What is the difference between a money order and cashier's check?


Go Banking Rates notes that the main differences between a money order and a cashier's check are how each is purchased and how much money each can be written for. A money order can be purchased at retail outlets, the post office and check-cashing services for a small fee. The money order is secured by an upfront cash payment. Cashier's checks can only be purchased at a bank.

About.com reports that a cashier's check is secured by the funds in a customer's account. The cashier's check is guaranteed by the bank to be valid. Cashier's checks can be used for large purchases, such as the down payment on a house or car. A money order may have a financial limit, such as $1,000, depending on the issuer.

Anyone with the cash for it can purchase a money order while a cashier's check may only be available from a customer's bank. Someone who does not have a bank account may not be able to purchase a cashier's check. My Bank Tracker notes that some banks may be willing to issue a cashier's check for a non-bank customer if the person has the full amount of the cashier's check available in cash. The bank may also charge a larger fee for issuing the cashier's check than it would for a bank customer.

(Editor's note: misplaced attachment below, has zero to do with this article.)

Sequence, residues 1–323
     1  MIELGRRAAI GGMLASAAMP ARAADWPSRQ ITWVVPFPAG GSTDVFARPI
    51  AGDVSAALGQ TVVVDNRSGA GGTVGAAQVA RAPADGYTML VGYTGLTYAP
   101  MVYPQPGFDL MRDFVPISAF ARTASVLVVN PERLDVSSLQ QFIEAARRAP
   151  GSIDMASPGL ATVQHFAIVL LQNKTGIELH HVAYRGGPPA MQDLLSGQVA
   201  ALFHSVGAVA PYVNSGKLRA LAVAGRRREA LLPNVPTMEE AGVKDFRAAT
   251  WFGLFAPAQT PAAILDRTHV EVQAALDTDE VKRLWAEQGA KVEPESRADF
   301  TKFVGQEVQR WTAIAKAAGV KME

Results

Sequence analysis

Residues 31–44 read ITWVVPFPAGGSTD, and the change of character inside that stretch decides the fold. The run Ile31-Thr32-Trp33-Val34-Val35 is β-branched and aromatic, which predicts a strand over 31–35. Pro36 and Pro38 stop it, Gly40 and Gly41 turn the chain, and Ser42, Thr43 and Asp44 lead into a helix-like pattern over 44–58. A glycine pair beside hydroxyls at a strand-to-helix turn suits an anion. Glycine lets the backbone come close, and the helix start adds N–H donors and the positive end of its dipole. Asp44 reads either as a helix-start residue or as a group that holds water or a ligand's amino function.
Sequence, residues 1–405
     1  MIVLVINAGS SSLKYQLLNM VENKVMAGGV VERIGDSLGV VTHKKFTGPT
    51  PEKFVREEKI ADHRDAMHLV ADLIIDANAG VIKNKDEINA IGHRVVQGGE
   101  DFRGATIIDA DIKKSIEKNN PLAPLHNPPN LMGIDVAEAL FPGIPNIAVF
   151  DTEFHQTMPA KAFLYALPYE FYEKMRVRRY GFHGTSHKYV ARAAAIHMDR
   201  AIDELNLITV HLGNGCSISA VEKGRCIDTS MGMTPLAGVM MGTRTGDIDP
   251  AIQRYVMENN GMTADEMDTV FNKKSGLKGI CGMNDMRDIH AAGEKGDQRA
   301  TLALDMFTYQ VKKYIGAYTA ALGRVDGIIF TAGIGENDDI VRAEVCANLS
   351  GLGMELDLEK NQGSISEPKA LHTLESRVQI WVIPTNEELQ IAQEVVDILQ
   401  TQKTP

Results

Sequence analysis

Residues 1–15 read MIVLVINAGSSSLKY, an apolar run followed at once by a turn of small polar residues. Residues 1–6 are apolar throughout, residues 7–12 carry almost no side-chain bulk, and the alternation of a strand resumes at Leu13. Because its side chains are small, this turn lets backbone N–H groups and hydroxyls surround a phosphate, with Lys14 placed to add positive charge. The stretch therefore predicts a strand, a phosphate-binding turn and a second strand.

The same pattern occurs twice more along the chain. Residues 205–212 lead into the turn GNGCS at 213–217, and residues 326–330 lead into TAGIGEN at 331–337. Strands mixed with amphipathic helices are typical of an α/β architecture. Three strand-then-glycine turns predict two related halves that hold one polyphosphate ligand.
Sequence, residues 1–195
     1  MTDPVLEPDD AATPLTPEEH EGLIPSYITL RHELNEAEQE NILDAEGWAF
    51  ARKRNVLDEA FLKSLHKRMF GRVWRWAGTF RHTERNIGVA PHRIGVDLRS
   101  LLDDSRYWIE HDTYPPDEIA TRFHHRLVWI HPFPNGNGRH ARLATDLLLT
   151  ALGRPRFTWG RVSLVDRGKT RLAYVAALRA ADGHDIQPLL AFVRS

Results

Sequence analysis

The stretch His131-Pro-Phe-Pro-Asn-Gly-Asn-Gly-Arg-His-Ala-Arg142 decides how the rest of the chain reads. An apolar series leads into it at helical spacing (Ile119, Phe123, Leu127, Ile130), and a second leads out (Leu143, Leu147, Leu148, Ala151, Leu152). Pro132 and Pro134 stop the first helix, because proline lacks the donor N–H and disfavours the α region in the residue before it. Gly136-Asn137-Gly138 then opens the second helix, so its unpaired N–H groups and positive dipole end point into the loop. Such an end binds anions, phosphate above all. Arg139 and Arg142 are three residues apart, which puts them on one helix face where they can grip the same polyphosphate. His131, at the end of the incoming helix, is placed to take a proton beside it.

Q&A Related to "What is the difference between a money order..."
Certified checks are rarely used in today's banking world. They formerly signified that a bank was certifying that the funds represented by the customer's check were actually in the
Cashier's checks are available only at a bank or
A cashier's check is created by a bank. You must have the money on deposit and cleared with your bank or present cash for the transaction in order to get a cashier's check. The bank
A money order is a pre-paid financial instrument. A cashiers check is a check guaranteed by the bank.
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